How cool is this post from @dwellmagazine?!? I love how the altar was repurposed into kitchen space! Food is definitely a blessing 😋❤️ and the center of all things holy 😇in my home 🏠 Check out the back story of this remodeled church by reading their reposted caption below:
“I need you. I bought a f*cking church!” With this blunt text message to his friend, architect Carlos Garmendia of @garmendiacorderoarquitectos, Tas Careaga kicked off a three-year design adventure. “Back in 2016, I was looking for some land with an old house on it,” says Tas, who runs a small creative agency. Responding to an Internet advertisement for “land with building in ruins on it,” @tascareaga drove about a half-hour west from Bilbao to Sopuerta, a town nestled in the rolling hills and thick forests of Spain’s northern Basque country.
There, he encountered the remains of a small church on the side of a winding road near the edge of a deep, green ravine. “When I arrived, I absolutely fell in love,” he says.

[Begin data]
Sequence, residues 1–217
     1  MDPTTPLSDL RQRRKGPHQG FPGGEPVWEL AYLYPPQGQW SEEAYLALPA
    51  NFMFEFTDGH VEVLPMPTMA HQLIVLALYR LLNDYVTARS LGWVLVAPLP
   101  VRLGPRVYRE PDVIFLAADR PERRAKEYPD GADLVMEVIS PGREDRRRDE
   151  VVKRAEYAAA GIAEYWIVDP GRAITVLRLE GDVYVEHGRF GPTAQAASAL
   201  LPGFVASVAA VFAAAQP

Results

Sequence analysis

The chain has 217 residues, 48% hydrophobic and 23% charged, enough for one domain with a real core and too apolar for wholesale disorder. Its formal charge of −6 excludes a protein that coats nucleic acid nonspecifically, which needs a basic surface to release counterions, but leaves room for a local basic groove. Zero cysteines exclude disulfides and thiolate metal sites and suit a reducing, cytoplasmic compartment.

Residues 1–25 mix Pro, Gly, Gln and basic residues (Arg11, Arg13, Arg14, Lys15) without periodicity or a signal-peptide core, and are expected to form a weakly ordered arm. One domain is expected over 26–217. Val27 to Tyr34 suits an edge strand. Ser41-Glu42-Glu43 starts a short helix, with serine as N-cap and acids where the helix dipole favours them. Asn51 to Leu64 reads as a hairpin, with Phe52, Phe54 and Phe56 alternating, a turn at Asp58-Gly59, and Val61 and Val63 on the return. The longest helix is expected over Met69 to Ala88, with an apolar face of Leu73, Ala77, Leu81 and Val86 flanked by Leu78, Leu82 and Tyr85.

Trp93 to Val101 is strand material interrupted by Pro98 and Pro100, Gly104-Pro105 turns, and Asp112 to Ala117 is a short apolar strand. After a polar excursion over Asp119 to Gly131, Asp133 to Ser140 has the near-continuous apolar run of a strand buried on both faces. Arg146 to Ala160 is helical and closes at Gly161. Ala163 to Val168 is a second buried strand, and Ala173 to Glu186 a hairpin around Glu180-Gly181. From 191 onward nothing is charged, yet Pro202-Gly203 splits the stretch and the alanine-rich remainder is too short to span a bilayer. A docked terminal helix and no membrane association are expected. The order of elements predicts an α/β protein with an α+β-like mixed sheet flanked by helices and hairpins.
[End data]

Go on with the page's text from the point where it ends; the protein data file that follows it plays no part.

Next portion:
Abandoned since the late 1970s, the church was in need of serious repair. The roof had caved in and vegetation had thoroughly invaded the structure. Built in the mid 16th century, with some add-ons in the form of an 18th-century bell tower and sacristy, the church had obvious archaeological and historical value. This is not a restoration. For Garmendia, the mission was to “show that ruins can have value” by preserving the original building without hiding the effects of time. Tas wanted a functional space for living, working, and entertaining. They landed on a design that kept as much of the existing stone structure as possible, shoring it up and inserting a contemporary living space while retaining the atmosphere of a romantic ruin. For a sneak peek of the revived church featured in our September/October issue, try Dwell+ in the link in bio.
Photos by @gregori_civera
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